HORRY COUNTY, SC (WMBF) – The pesky bugs that can leave you covered in itchy, red bumps are likely to make quite the appearance this season. Horry County has begun to spray for mosquitoes a month earlier than usual in preparation.
Blame the mosquito counts on the floods. From October 2015 to March of this year, 39.07 inches of rain was dumped on Horry County. That's almost 15 inches above average, and over that six month period, we had over 50 days of at least a trace of rain. High water levels and more standing water than usual makes the perfect home for a high mosquito population.
Horry County Mosquito Control Supervisor James Brock said there's good news and bad news about the water.
"The good news is it's starting to dry up, the bad news is mosquitoes have already laid eggs at the high water mark, and they don't need a lot of water to hatch off. So as long as it's damp, moist, they can continue to hatch, and as the water falls, they can continue to lay eggs," Brock said.
DHEC put out a mosquito warning last October and we're still seeing the effects of those mosquitoes. Brock said mosquito eggs can lay dormant for about a year, waiting for the right conditions to hatch. Although woodland mosquitoes take up residence in the forests, it's the mosquito breeds called "container breeds" you need to look out for most. They breed in tires, tarps, flower pots, outside toys, puddles, etc. Brock said these are the most aggressive breeds. They bite at all times during the day, while woodland breeds tend to bite at dawn and dusk.
Brock said he can't stress enough to the community to "tip and toss."
"The main thing is right now, is police your yards. Tip and toss. If you see standing water, tip it out. Flush your bird baths out, your flowers, your containers, tip your boat back…" Brock said.
North Myrtle Beach is spraying for the bugs Tuesday night, Wednesday and Thursday. The city budgeted $490,000 for mosquito control in 2014. In 2014, the county almost ran out of money because they faced heightened mosquito populations. This year, the county reports the budget has increased to $520,000. This includes an aerial spraying contract, chemicals, equipment and staffing. Storm water treatments have also increased from 6,500 last year to 10,000 this year.
Horry County will make house calls to find the root of severe mosquito problems. Mosquito control workers actually measure the 'landing rate' of mosquitoes by seeing how many of the bugs land on them. The estimated count is then provided to the county. The landing rate determines the level of county response to protect you. The response can range in aerial sprays by plane, truck or manual sprays on the ground.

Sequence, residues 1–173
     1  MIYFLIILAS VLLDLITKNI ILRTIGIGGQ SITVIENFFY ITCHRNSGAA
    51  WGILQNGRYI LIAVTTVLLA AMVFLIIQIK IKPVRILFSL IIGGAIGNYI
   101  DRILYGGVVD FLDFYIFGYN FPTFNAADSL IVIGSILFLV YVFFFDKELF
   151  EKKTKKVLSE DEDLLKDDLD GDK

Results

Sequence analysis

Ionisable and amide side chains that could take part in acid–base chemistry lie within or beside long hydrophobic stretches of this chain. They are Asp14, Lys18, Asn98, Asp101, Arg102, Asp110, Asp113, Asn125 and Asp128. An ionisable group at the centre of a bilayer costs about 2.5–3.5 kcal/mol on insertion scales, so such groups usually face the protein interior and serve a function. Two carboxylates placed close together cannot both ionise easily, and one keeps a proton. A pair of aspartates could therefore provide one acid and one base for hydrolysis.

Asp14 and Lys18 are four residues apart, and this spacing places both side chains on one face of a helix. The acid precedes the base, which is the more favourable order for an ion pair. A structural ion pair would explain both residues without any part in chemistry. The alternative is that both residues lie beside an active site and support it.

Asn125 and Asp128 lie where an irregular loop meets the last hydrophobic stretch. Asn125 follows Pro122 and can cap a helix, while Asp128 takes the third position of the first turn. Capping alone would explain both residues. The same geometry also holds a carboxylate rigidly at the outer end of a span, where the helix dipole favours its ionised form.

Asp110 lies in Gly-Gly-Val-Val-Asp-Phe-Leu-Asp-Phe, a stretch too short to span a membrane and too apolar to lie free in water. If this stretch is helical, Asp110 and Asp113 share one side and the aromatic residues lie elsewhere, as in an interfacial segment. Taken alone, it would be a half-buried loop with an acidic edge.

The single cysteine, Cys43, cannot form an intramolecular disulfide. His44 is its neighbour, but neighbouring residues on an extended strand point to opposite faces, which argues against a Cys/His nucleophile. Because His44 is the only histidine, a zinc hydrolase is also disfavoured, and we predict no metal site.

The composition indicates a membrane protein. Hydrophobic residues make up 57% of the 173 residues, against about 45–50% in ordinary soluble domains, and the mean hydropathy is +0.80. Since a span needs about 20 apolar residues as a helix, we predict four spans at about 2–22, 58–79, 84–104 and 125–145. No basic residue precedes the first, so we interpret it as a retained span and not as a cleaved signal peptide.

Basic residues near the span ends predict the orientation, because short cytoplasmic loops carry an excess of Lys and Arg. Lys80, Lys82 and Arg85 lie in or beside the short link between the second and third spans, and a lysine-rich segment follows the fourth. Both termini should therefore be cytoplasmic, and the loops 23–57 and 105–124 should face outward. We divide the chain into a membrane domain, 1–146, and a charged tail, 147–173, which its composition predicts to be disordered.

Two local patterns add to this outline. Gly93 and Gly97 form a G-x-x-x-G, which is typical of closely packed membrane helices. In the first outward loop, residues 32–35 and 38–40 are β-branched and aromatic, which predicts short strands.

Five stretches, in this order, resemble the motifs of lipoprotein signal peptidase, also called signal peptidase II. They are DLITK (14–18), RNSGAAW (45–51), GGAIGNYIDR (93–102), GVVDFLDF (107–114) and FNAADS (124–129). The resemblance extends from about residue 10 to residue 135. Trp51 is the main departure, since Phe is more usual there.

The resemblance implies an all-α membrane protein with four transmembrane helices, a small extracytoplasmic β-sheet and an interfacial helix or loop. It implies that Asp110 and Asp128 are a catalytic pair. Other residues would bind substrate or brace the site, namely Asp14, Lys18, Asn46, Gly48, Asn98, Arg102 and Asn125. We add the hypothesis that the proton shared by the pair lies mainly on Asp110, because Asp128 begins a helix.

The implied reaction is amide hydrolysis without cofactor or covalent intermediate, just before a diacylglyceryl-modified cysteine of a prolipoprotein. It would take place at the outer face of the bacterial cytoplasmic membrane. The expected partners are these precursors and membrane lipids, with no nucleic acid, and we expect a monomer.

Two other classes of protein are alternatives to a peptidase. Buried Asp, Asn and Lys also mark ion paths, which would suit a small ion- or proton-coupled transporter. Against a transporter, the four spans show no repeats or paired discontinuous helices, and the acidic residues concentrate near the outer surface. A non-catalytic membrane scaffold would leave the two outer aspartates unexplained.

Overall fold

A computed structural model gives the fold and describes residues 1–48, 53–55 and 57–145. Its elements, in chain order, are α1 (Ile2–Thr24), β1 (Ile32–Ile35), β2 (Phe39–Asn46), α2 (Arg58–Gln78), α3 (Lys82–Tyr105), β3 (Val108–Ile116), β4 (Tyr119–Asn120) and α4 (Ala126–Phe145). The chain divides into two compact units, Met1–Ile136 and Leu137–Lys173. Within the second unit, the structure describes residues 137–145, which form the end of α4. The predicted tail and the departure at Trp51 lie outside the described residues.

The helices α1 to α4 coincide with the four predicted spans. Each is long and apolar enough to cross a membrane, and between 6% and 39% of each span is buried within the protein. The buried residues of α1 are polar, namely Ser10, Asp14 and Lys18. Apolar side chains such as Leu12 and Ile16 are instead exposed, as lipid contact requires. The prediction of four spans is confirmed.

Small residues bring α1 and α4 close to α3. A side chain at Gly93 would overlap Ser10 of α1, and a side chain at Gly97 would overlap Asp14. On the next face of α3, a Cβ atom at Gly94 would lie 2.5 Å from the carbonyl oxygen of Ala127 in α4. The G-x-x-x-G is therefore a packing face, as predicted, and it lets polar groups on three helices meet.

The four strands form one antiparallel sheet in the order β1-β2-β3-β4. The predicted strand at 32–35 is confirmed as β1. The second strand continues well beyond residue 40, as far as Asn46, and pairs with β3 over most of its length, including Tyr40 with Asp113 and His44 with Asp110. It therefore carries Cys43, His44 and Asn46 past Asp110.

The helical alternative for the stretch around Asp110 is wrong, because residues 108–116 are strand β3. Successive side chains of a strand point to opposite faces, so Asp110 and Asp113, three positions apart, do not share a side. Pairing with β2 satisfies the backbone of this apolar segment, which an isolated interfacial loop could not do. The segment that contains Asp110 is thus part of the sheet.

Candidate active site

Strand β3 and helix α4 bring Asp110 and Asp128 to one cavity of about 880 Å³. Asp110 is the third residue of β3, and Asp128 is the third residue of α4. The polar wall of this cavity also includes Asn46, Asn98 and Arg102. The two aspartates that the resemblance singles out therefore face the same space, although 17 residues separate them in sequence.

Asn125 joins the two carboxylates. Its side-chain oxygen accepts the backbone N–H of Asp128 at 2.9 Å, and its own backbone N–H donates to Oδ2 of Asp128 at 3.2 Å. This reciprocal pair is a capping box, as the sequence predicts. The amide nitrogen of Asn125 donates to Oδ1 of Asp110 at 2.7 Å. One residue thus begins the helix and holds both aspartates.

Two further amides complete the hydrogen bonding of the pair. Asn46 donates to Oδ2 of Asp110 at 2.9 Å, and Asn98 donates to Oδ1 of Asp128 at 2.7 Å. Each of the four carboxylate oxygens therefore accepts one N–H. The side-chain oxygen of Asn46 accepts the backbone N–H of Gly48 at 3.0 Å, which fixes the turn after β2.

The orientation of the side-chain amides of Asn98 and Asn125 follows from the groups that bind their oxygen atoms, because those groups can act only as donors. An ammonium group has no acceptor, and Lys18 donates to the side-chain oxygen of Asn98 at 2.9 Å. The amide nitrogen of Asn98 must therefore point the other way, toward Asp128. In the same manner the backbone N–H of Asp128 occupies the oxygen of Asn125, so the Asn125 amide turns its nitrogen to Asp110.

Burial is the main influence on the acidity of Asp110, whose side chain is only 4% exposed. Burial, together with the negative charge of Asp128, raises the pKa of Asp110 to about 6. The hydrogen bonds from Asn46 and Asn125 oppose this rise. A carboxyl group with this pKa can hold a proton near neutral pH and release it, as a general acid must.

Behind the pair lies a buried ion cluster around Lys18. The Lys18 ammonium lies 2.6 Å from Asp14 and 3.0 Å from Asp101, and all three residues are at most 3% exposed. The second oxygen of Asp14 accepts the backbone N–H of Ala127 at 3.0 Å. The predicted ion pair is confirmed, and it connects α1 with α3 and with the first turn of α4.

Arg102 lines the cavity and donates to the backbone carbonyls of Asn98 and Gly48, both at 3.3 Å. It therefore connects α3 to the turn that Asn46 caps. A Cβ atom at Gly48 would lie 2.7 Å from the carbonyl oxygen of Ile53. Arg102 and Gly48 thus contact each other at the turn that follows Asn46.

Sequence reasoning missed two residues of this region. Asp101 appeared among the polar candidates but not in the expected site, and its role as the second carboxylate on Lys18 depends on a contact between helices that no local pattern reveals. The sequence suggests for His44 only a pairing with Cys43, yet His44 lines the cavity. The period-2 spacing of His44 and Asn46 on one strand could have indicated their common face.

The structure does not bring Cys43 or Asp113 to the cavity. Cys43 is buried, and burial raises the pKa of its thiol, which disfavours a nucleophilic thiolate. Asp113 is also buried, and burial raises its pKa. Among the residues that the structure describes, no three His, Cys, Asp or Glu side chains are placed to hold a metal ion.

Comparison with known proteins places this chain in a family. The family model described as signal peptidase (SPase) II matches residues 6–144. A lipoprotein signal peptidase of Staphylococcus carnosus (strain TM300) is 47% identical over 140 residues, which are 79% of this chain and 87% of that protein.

"While we're doing this one of us is taking a landing rate count which we're going to find a place where the mosquitoes are active….whether it's by the edge of the woods by the container itself, by a stack of tires…and we count what lands on us in a minute," Brock explained.
The county is also keeping in mind the thousands of Americans with travel plans to and from Brazil for the Olympics. The Zika virus outbreak occurred there, and it seems inevitable we will see an increase in Zika cases from Americans bringing it here after their Brazilian visit. Brock says the county is working with DHEC and the CDC. The county has a contingency plan in place should the virus occur here.
Brock says the most important things to do to protect your family is to get rid of all standing water, treat your gutters and drains, wear light-colored clothing, bug spray and vaccinate your pets.
North Myrtle Beach malathion spray schedule from the City:
The city sprays for one hour (30 minutes before and after sunrise and sunset) on the following fixed schedule:
- Tuesday Evening: Windy Hill, Timber Ridge subdivision, Airport Blvd. Area, Pinewood Acres subdivision and Barefoot Resort development
- Wednesday Morning: 28th S to 15th S , Barefoot Landing, Commons Blvd., and City ball fields
- Wednesday Evening: 15th Ave. South to 18th Ave. North, Vereen's Marina (13th Avenue North), Waterway Mobile Home Park, Belle Park, Robbers Roost and Sea Side Plantation
- Thursday Evening: 18th Ave. North to Little River Neck Rd., Creekside, Myrtle Beach RV, Foxfire Village, Tidewater and Charleston Landing.